NANJING: The new Party chief had never expected that the election could be so challenging, although it was just of the most basic level--neighborhood.
"My psychology changed a lot through the election," said 42-year-old Chen Ming.
"With the trust of so many people, I have great pressure. I must fulfill what I promised during the election."
In 2009, direct election was carried out in the Communist Party committees of 363 neighborhoods in Nanjing, capital city of east China's Jiangsu Province. Almost half of the population in Nanjing was encompassed in the neighborhoods.
Candidates were produced in three ways: self-recommendation, recommendation by their fellow Party members or by the committee.
After the nomination, Chen Ming and 36-year-old Zhao Zhicun stood in front of voters.
Before vote, the two candidates paid visits to residents and had discussions with them so as to learn about their need.
On the voting day, voters could throw questions to the candidates after their speeches, such as how to look after the left-behind elderly people and how to tackle the bicycle theft in the neighborhood.
During the 40 minutes, Chen and Zhao debated over the issues, before voters cast their ballot into a box.
The ballot counting was done in front of the voters, and the result was written on a blackboard.
Zhao won 45 votes, while Chen had 147.
Hui Yuchun has been a Party member for more than 60 years. He said it was the first time he saw such election.
"In the past, I just drew a circle on the paper, not caring much who would be elected," he said.
He noted that he saw two exciting moments during the election -- the debate and counting of the ballots.
"We could decide the winner, that's why we cherish our voting right," he said.
According to survey by the organization department of the Nanjing municipal committee of the Communist Party, more than 90 percent of the Party members in the neighborhoods cast their ballots.
Among the voters, there were elderly people on wheelchairs and businessmen who asked for leave from their companies. Many had discussion with their family members before making their choice.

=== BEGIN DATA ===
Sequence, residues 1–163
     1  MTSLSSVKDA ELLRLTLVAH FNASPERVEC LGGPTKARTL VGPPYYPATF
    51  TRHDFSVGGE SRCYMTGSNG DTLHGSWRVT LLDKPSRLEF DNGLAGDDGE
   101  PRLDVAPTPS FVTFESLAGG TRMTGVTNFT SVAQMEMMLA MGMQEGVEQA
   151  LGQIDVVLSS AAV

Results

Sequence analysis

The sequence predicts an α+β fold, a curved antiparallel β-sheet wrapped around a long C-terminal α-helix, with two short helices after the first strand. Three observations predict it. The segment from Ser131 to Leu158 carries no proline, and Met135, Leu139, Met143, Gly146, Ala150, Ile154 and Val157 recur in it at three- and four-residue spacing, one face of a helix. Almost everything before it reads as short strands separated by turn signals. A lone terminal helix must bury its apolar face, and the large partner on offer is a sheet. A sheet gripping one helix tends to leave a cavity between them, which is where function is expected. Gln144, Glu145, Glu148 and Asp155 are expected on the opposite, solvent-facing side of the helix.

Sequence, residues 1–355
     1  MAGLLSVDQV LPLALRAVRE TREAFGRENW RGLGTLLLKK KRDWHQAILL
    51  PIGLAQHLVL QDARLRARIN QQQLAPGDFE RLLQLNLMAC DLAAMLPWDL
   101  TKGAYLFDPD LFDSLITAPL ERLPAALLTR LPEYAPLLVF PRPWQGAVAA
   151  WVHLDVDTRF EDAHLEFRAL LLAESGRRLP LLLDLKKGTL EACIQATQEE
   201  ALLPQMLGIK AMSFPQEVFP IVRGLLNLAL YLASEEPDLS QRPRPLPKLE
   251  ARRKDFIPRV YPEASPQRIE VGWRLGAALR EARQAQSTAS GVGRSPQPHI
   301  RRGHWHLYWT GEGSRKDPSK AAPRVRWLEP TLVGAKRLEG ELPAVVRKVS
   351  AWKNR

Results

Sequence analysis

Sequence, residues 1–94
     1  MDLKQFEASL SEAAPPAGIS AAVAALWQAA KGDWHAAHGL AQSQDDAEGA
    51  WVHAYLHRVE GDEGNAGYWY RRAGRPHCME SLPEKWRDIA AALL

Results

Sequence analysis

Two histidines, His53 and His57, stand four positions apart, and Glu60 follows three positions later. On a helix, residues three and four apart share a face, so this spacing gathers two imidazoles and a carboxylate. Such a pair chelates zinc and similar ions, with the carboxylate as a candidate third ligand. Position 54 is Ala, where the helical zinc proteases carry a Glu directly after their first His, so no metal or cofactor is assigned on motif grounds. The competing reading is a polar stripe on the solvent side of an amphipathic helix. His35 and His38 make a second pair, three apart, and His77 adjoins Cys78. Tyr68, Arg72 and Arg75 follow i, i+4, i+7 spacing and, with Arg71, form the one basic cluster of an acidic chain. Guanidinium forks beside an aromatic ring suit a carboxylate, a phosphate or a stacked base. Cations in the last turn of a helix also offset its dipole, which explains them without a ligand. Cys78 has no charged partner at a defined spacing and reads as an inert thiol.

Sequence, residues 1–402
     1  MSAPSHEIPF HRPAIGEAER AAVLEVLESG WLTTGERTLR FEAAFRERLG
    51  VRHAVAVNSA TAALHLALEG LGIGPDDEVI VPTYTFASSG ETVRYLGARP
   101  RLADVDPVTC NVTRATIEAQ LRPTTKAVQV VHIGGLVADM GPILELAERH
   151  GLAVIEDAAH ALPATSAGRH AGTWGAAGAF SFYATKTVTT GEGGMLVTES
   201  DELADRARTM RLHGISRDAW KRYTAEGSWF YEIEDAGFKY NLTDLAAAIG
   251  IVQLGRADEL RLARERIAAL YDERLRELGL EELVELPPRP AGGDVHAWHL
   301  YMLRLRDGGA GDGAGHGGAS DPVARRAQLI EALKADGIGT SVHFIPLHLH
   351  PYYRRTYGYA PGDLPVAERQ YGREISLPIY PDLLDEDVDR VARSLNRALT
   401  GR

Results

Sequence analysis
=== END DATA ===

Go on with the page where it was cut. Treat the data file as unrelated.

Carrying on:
After winning the election, Chen Ming said that he was greatly impressed.
"In the past, I was passive in the work. The work was assigned by the superiors and only for them was I responsible," he said.
But this time, he said was elected by ordinary people. "I shouldn't let them down."
While Zhao Zhicun believed that the reason why he lost was lack of experience and dissatisfactory performance in the debate.
"I will improve myself," he said. "I will take part in the election next time."
"The goal of direct election is to improve intra-Party democracy," said Yang Xuezhong, director of the organization department of the Baixia district Party committee in Nanjing.
He noted that Party committees in neighborhoods are at the grassroots level. "If Party committees at that level are strengthened, the Communist Party would gain more support," he said.
"Party members are the masters of the Party's power," said Cai Xia, a professor with the Party School of the CPC Central Committee.
"They should have the right to give and revoke power of the leaders, so as to let them know who should they be responsible for."
Nanjing is the pioneering city of intro-Party democracy, with direct election one of the forms.
In 2004, direct election was carried out in one neighborhood in Nanjing.
"Now it is time to introduce the measure to more places," said Wang Qi, head of the organization department of the Nanjing Municipal Party committee.